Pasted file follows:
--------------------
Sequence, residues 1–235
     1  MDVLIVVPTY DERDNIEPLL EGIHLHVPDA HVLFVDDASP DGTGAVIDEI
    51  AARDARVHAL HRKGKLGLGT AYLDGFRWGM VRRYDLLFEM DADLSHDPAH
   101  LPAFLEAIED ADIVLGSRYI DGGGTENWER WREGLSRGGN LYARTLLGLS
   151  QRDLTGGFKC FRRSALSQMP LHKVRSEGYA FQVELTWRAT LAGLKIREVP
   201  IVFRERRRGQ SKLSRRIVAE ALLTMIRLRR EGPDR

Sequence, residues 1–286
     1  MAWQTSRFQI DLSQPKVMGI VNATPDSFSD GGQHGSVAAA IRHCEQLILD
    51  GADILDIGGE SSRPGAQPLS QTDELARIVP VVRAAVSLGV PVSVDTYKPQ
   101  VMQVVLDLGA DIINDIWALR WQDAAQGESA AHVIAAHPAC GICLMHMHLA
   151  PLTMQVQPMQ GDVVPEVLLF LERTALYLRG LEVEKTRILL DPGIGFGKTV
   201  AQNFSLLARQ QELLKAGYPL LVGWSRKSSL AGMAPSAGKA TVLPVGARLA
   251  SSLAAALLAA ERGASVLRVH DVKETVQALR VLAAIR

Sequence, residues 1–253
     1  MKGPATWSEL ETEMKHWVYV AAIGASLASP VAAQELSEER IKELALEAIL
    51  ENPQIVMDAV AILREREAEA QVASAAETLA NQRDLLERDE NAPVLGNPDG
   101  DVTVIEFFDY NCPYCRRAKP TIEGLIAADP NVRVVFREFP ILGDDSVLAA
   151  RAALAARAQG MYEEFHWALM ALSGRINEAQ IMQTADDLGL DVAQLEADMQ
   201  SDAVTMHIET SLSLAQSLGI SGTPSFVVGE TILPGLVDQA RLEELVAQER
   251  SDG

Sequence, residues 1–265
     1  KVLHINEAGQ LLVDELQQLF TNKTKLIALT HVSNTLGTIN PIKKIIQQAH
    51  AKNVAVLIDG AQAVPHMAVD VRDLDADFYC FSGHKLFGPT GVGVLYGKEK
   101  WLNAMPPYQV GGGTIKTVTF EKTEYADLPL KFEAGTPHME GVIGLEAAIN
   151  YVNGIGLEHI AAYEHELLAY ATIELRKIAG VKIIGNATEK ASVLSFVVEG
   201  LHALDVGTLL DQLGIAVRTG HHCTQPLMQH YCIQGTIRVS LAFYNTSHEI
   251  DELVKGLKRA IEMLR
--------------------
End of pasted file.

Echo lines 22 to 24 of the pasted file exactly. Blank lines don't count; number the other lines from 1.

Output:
     1  KVLHINEAGQ LLVDELQQLF TNKTKLIALT HVSNTLGTIN PIKKIIQQAH
    51  AKNVAVLIDG AQAVPHMAVD VRDLDADFYC FSGHKLFGPT GVGVLYGKEK
   101  WLNAMPPYQV GGGTIKTVTF EKTEYADLPL KFEAGTPHME GVIGLEAAIN